Wednesday, June 16, 2010

Church Parking: The New Old Campaign Issue

The Washington Informer reports that at a recent meeting of meeting of the Missionary Baptist Ministers Conference of D.C. and Vicinity (emphasis on vicinity), "Reverend Gilbert began by asking about the city’s parking policies that have 'strangled the life out of churches,' he said. Aggressive parking enforcement, initiated under Mayor Anthony Williams’ administration, continues to result in high fines and cars being towed away in neighborhoods that are not friendly towards churches."  The article continues:
Gray agreed to improve access of worshippers to churches in the District and to open a dialogue between churches and the community. He promised to reestablish an Office of Religious Affairs and to hold an annual religious prayer breakfast.

Fenty said a compassionate police department has reduced the animosity between the churches and the police department that occurred four years ago.

“You talk about compassion,” Gilbert asked Fenty, “but it’s a reality that every Sunday there are tow trucks sitting outside of churches, not only to ticket them but to tow those cars away. These are $75 tickets on a Sunday. Do you call that compassion?”

There is still work to do, Fenty said, but at least the animosity between the churches and the community has dissipated. 
In the last Mayoral election, a turning point for me was when Linda Cropp stood with churches who felt that their congregants from Maryland and Virginia should have a license to park anywhere they please on Sundays rather than neighborhood residents who felt that they were prisoners in their own homes and had their safety placed at risk.  The situation has improved in recent years with establishment of special Sunday parking rules and more angle parking that increase the number of spaces, and ticketing for blatant violations.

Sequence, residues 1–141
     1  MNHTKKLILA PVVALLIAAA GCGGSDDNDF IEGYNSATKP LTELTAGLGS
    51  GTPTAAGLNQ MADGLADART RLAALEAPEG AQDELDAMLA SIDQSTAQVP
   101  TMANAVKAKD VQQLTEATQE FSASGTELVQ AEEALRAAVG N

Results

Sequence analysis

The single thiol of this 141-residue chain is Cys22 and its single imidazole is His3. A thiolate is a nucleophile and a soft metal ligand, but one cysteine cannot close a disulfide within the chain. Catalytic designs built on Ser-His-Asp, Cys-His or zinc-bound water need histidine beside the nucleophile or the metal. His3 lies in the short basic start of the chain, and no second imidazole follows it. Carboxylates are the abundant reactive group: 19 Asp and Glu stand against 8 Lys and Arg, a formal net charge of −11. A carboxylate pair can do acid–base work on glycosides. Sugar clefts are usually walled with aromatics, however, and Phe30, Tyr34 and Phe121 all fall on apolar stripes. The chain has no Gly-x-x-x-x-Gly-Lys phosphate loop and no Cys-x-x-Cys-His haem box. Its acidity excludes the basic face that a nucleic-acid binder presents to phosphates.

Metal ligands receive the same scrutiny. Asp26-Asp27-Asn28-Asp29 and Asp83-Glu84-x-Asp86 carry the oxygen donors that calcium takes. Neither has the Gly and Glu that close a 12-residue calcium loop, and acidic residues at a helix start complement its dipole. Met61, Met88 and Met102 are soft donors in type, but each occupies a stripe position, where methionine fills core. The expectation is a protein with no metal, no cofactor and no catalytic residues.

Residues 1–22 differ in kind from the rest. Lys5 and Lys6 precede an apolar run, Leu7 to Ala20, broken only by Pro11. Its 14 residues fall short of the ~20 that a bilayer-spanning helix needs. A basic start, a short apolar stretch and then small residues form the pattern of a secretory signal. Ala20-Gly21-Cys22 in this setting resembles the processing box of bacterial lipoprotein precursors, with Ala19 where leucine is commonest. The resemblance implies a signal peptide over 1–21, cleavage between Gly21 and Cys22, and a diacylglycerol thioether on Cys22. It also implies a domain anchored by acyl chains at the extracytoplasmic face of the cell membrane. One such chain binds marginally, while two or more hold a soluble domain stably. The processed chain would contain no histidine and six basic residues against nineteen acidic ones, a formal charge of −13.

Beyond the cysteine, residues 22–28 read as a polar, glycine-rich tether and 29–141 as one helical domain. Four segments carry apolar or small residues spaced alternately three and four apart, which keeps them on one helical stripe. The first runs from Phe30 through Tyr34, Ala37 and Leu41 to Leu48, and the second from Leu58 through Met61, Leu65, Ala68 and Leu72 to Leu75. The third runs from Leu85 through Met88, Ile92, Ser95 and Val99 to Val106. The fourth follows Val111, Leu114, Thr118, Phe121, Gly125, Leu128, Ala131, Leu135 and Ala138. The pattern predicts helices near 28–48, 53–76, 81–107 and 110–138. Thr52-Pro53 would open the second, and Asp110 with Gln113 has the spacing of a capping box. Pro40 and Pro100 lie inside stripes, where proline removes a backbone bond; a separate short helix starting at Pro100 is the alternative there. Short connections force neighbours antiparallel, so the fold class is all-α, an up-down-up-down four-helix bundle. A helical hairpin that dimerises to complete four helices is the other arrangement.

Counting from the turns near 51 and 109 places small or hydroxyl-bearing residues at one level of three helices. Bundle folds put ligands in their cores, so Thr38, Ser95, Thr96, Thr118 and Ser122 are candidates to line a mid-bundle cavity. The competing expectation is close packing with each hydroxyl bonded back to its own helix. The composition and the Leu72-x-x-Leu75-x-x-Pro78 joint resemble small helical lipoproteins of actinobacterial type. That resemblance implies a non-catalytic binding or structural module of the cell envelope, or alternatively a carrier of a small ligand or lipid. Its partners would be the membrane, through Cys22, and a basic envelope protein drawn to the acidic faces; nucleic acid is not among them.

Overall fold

I'm not sure why the churches are entitled to special compassion?  Residents don't get any compassion if they can't find a space to move their car near their home on a street cleaning day.  They don't get compassion when they choose to drive somewhere in the city rather than take metro, whether its work-related or personal, and park near a hydrant or in a crosswalk.  They pay a ticket.  And if a person were to go to high holiday or even Saturday services at the Sixth and I Synagogue and double park on H Street, I expect they'd get towed.  Immediately.

Mayor Fenty has this one right.  The rules should be applied fairly and consistently to all.  Where it's possible to change the rules to help the situation, absolutely, the city should do so.  But allowing lawlessness in our neighborhoods, providing certain groups with special privileges over others, or favoring nonresident interests over resident safety and quality of life concerns are nonstarters.


NWResident said...


The special angled parking is still abused .... go up and down the street any Sunday after 2:00 and see the cars still parked that way - and they park illegally on more than just Sundays also - check out weekday services as well.

NO one or NO group is above the established laws. If you don't like the law, then work to get it changed - just don't act as if it doesn't apply to you.

Charles said...

I totally agree, Cary. And, participation by politicians in prayer breakfasts, whether the Mayor or the President is disturbing. Some of us do not accept religious belief, and we do not believe that it has any place in public life.

David F. said...

"every Sunday there are tow trucks sitting outside of churches, not only to ticket them but to tow those cars away." Really? Really? I have lived in DC - and near a lot of churches - for over 10 years and never seen a tow truck by a church. I challenge Gilbert - or anyone else - to provide evidence that this is true. I'm sorry, but tow trucks are not sitting outside churches just waiting for someone to illegally park.